So---now the search feels distressingly ponderous, as I realize that I need to personally visit every school we are looking at, and meet every teacher we are considering. What a lot of work!
My daughter is looking for a program that is fairly small. We come from a tiny area, and I think she really likes the personal feel in a smaller setting, where the students all get to know one another and the teacher is highly invested in the students. This rules out the bigger schools in MI (UofM, MSU, etc.) and leaves us looking for an excellent teacher in a smaller program that is known for excellence. Her plan is Performance major; however, we tend to vascillate depending on whom are talking to. (i.e. "You really should have that teacher's certification. You'll have work for sure that way".)
I know of a girl who was denied graduation because in her senior year, she had a falling-out with her teacher, who then refused to sign off on her senior recital. The falling out was personality and not based on her playing/performances. This was 2 years ago. This girl still doesn't have a degree (she was double-majoring in violin and viola) and is in limbo. This freaks me out....
So....I plan to attend every initial meeting, go to rehearsals, sit in on sample lessons. It's all I can do. We live at least 5 hours away from any school with a music program, which makes visits, sample lessons and auditions etc. a bit challenging.
Money IS a consideration....we need her to earn some scholarship assistance. All in all, it sounds like a weighty endeavor. I'm trying to look at it in it's most positive light though....the search, as an experience that I can have with my daughter as we explore her future, looking with excitement to what is ahead. Still, it feels weighty.
One encouragment in this all is that I know that the market for employment is tight enough that there are some truly outstanding teachers in some smaller schools. I hope that we can find a perfect fit of teacher/school/program and student.
We begin in earnest next week as she is attending a masterclass by the Merling Trio (from WMU) who are visiting our area. She will be playing parts of the Schubert Sonata Duo and the Lalo. This will be our first one-on-one contact with a university violin professor, and should give us information.
As I kick around the 'schedule time for ME to practice' plan, I find myself wondering if I might be more motivated if I chose some specific piece(s) to work on, like back in my lesson days. It seems that might help me regain the sense of playing for joy. Sounds ridiculously simple, but life has gotten so full that I am usually only practicing what I MUST (shows, concerts) instead of what I wish. How freeing.... I feel as though I'm wresting my violin back from captivity or something, and indulging myself.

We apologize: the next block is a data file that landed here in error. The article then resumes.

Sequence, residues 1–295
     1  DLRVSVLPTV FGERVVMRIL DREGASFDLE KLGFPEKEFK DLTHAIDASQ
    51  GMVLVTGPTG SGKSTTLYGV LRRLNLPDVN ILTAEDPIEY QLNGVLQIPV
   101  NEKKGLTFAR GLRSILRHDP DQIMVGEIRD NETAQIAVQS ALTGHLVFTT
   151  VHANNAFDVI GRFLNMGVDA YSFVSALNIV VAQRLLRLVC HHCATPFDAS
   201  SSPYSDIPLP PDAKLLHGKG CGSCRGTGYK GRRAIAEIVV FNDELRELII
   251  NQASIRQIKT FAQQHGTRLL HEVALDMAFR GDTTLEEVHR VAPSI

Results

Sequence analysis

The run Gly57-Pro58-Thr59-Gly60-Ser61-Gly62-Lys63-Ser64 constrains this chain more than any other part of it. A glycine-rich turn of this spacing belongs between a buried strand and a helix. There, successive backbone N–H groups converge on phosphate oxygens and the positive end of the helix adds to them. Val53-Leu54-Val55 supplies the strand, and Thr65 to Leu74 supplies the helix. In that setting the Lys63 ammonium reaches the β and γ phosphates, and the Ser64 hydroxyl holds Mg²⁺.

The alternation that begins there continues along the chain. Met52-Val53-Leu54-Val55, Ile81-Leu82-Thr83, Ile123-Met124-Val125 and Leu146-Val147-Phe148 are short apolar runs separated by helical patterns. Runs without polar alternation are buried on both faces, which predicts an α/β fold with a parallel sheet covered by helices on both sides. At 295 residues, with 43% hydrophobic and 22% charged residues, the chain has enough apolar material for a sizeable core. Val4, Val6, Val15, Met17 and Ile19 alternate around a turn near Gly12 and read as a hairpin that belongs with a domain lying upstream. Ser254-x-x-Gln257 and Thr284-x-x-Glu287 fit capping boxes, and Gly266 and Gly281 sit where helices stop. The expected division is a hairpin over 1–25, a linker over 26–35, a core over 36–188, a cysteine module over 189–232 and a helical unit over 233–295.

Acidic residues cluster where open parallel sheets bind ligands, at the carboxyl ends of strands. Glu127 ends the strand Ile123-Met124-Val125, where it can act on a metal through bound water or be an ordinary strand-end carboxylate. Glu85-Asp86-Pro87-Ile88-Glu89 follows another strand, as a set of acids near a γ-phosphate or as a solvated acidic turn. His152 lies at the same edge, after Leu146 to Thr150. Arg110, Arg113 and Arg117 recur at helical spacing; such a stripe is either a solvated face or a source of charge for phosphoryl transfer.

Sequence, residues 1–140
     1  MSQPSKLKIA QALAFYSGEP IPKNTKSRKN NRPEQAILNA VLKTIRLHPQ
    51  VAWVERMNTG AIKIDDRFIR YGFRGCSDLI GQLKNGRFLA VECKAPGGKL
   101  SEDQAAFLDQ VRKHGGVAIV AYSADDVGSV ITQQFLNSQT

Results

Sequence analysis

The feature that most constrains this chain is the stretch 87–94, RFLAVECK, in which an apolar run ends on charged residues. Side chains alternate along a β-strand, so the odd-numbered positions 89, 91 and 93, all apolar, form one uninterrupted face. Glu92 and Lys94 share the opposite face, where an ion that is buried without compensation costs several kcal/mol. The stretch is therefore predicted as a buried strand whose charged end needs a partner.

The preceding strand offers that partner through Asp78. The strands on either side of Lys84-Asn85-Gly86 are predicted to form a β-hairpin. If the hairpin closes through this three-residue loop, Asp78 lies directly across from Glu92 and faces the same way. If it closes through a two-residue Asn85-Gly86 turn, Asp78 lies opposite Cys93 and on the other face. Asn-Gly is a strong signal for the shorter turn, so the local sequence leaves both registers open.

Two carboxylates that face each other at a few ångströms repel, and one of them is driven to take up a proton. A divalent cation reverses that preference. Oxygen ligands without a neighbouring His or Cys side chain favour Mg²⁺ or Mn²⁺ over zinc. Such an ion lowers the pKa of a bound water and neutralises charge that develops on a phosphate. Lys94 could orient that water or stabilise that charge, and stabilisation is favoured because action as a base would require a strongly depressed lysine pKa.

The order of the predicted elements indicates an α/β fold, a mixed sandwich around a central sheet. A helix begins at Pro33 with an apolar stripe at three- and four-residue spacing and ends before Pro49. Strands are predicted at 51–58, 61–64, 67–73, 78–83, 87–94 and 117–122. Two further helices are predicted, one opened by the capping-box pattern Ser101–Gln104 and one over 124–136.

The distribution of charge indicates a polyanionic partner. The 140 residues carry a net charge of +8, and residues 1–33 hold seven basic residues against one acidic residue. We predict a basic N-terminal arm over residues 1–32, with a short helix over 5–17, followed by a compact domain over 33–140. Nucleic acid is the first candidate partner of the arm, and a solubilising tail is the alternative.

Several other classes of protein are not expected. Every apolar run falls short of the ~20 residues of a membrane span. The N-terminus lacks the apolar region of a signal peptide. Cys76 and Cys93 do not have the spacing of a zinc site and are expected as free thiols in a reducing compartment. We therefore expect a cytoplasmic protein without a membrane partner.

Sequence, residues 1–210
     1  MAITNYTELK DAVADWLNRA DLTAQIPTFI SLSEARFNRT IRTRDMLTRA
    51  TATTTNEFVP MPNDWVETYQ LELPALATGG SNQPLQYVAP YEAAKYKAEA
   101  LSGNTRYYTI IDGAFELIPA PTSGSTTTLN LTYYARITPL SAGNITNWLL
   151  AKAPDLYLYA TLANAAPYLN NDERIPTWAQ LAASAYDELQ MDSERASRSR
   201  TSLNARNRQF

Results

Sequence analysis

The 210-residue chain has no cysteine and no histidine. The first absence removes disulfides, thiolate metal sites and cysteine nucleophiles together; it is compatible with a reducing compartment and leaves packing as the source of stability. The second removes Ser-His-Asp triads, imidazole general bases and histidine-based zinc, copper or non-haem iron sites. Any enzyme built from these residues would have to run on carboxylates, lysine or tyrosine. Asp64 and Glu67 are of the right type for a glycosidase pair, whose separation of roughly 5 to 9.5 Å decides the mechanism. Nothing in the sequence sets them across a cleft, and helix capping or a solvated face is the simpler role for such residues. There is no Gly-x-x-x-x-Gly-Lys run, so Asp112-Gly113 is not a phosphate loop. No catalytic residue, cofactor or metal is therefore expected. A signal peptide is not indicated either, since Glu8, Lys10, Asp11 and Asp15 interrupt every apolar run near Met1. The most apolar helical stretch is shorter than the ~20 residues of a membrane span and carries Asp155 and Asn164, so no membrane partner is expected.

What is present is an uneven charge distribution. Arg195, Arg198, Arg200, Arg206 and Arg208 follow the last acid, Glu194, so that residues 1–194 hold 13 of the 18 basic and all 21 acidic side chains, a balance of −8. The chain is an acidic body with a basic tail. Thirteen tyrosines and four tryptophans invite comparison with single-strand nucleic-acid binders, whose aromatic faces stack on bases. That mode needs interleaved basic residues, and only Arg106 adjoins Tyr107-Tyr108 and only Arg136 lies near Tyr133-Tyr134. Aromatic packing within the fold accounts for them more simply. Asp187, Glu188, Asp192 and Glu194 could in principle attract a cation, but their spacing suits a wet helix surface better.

There are so many wonderful sonatas out there...maybe a good starting place. I'm giving myself permission to find something that I LOVE.
And HOW did I manage to schedule my first full fall teaching day on opening night of the opera? Ten students, and THEN head for the pit. Wow.... What was I thinking?
We have begun final rehearsals for a performance of Die Fledermaus which runs later this week. As usual, I am far too busy in the pit (and seated with my back partially to the stage anyway) to see much of anything that is going on. This is a larger frustration than usual, as my 17-yr. old daughter is on the stage, in the chorus. I'm frustrated that I'll see so little of her debut in an opera. She will be playing the Csardas on her violin from the stage in the party scene though.... I just may have to peek one night.
I wonder how many shows I've seen little bits and pieces of from the pit, without having any idea of what is really going on on-stage. Musicals, operas.... everything from the Anastasia ballet to Annie are imprinted in my brain only as partial images, with giant holes in the action.
I am a jack-of-all-trades when it comes to instruments. (I play several at a fairly competent level, but I'll never be a touring soloist on any of them :). I play well enough that I did get hired by my local orchestra to play for Anne Murray last year when they hired the string section locally (though the individual mic velcroed behind the bridge was a bit of a shock!) but I am totally an ensemble musician, a team player.